HIST 482 Murder and Monarchy: Shakespeare's British History:  Pavlac and Lloyd
This course introduces students to the works of Shakespeare through plays he wrote about the history of the British Isles. Team taught from both historical and literary perspectives, students will read plays as both dramatic interpretations of history and enduring works of theatre. Beginning with an examination of the age in which Shakespeare lived and his own life, study will then shift to a chronological review of several plays about British monarchs in the context of actual historical events. The success and failures of his characters use of war, murder, and power will illuminate Shakespeare's efforts as a dramatist, polemicist, and interpreter of the human condition. Students will better understand medieval and renaissance British history and discover Shakespeare's significance within and beyond his age. Counts either for a European History or a English Major Literary Figures course.
Cross-listed as ENGL 382.  Counts both for History Major and English Major Literary Figure course.  Counts for European Elective.

Courses taught during Fall 2012

HIST/GEOG 211 Introduction to Geography (3): Zbiek

HIST 261 Research & Methods (3): Mares

HIST 381 The Modern Middle East (3): Clasby
This course explores the history of the modern Middle East from the beginning of the nineteenth century to the present. In the nineteenth century, this region struggled under Ottoman domination and European colonial exploitation. In the twentieth century, a more independent Middle East emerged. Some states gained sovereignty, while others suffered at the hands of foreign interference. All the while, Middle East states were faced with the demands of modernity and adapted to the contemporary global world in a variety of ways. The course emphasizes three themes: first, the historical evolution of select Middle East states, from dynastic empires in the nineteenth century to modern nation-states in the twentieth; second, the impact of industrialization and westernization on local and regional societies; and third, the socio-cultural dimensions of these large-scale transformations, specifically the rise of mass ideologies of liberation and development. (Counts for World Elective).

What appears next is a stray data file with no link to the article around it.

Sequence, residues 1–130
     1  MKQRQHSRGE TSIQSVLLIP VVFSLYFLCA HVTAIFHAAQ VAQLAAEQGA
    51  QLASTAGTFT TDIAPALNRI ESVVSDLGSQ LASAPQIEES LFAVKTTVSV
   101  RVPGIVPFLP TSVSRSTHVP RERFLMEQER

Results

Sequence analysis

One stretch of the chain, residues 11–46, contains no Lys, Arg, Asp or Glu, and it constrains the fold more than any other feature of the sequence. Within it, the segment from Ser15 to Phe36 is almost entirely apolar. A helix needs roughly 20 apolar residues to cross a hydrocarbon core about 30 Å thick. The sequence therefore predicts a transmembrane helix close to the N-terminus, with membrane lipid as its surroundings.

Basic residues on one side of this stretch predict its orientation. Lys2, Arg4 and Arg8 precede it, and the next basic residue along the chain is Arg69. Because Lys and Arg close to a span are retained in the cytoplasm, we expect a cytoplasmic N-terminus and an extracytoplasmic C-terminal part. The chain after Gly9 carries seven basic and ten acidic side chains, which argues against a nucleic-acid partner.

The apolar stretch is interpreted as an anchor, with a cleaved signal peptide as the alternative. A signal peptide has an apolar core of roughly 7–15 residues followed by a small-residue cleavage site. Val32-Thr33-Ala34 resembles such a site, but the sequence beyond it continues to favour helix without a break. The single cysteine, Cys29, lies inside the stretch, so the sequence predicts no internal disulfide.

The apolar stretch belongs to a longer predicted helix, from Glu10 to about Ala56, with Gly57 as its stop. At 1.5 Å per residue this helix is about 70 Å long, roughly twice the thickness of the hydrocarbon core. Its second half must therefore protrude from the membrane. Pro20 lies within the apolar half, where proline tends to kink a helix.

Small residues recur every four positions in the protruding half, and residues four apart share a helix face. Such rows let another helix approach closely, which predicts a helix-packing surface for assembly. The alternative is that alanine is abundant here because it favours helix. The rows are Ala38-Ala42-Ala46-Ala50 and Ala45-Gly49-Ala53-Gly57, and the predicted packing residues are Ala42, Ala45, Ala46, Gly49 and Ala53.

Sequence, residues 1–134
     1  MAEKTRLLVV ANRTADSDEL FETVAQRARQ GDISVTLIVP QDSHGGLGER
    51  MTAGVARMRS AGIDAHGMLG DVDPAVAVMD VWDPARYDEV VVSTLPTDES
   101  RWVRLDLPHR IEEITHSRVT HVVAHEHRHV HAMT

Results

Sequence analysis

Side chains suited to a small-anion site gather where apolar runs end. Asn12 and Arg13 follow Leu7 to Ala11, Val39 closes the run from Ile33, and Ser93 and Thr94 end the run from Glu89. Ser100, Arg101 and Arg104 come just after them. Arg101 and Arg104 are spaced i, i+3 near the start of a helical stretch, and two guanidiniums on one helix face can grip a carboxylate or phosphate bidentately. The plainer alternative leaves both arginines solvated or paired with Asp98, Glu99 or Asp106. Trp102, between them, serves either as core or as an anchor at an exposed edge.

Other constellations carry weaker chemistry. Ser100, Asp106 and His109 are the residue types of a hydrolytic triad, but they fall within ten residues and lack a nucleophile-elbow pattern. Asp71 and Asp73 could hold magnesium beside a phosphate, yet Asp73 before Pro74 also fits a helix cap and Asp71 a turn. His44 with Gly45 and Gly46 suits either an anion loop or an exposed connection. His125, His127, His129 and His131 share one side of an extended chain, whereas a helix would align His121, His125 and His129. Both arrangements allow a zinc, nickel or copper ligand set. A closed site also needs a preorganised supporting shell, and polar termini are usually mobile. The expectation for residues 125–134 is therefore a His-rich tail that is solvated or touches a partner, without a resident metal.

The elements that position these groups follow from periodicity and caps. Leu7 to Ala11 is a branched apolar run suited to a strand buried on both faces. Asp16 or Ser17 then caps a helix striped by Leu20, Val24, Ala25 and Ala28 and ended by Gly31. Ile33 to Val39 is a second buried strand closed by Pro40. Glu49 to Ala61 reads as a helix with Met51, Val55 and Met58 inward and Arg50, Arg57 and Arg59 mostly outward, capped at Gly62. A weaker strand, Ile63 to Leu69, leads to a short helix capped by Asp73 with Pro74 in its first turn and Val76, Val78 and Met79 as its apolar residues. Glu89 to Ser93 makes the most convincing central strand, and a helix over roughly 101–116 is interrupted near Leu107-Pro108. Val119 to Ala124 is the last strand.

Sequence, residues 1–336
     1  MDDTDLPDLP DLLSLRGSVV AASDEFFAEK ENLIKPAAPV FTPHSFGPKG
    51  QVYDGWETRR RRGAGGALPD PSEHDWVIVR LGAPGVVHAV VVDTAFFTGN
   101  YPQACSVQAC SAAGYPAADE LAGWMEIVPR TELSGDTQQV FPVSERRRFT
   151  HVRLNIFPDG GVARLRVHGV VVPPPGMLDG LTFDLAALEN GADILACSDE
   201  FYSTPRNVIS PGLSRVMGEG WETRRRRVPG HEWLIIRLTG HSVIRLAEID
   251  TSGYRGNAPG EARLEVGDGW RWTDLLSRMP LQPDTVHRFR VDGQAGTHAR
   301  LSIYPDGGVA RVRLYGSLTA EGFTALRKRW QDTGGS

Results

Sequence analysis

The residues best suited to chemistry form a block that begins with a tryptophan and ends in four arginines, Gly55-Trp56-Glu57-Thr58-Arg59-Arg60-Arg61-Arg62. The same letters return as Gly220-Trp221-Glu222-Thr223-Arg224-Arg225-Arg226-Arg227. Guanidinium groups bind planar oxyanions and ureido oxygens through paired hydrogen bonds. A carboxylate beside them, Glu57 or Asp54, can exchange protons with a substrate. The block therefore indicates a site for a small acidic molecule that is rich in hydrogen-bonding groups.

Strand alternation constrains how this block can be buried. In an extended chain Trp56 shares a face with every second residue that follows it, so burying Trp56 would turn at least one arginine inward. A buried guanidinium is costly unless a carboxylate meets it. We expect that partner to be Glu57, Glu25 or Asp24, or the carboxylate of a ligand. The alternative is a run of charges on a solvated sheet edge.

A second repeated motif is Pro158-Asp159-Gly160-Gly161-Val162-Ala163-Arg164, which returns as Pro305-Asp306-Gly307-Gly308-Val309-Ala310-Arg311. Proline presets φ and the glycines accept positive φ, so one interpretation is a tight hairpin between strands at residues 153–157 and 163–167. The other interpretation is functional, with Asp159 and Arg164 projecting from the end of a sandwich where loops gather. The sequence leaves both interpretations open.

HIST 415 Senior Seminar (3): Scarboro

HIST 436 Seminar: Deindustrialization in America  (3): Mackaman
Deindustrialization in America: In this course students will learn about the causes and the consequences of the decline of the American industrial order after WWII. Why did the US economy go from being the world's industrial colossus to one largely based on finance? What has the decline of industry meant for the cities and industrial regions of the "Rust Belt"? What have these processes meant for the social, political, and cultural physiognomy of the country and more broadly, for America's place in the world?  (Counts for American Elective).

Courses taught during Spring 2012

HIST/GEOG 211 Introduction to Geography (3): Zbiek

HIST 255 America in the 20th Century  (3): Mackaman
In this course students will learn about the major changes in US history from WWI. This period encompasses the rise of the US as the preeminent global power as a result of the world wars and its enormous industrial capacity, and then its relative economic decline from the 1970s onward. It encompasses the rise of liberal reformism out of the Great Depression and what has been called the "New Deal order," and this order's waning beginning with the crises of the late 1960s and early 1970s. Close attention will be paid to the lives and struggles of ordinary people, including industrial workers, African Americans, immigrants, and women. With the 20th century heralding the full emergence of the mass consumer market, we will also view the century's history through the prism of popular culture, including cinema and music.  (Counts for American Elective).

HIST 261 Research & Methods (3): Mares
This course is normally taken in the first semester of the sophomore year and is required of all History majors. 

HIST 374 Greece and Rome: 500 B.C. - A.D. 500 (3): Pavlac
War, slaughter, order, peace.  This course will examine empire building, empire-maintaining and empire-collapsing in the cultures of Classical Greece and Rome.  The rise of empire will cover the Delian League, the Macedonia success of Alexander the Great, Rome's expansion through the Punic Wars, and so many more.  The maintenance of empire will review issues of commerce, justice, citizenship, taxation, and cultural conflict.  The fall of empires will include the the Peloponnesian Wars, and the crises and collapse of the Western half of the Roman Empire.  Readings will be drawn from the historians and humanists of antiquity. (Counts as European Elective).
Link to 2006 syllabus.

HIST 426 Seminar: American Cultures (3):  Zbiek 
This seminar examines how different cultural groupings have originated and interacted through American history.  This course is one of those which fulfills the seminar course requirement. HIST 420-469, for the history major.

HIST 471 Global Fascism (3): Clasby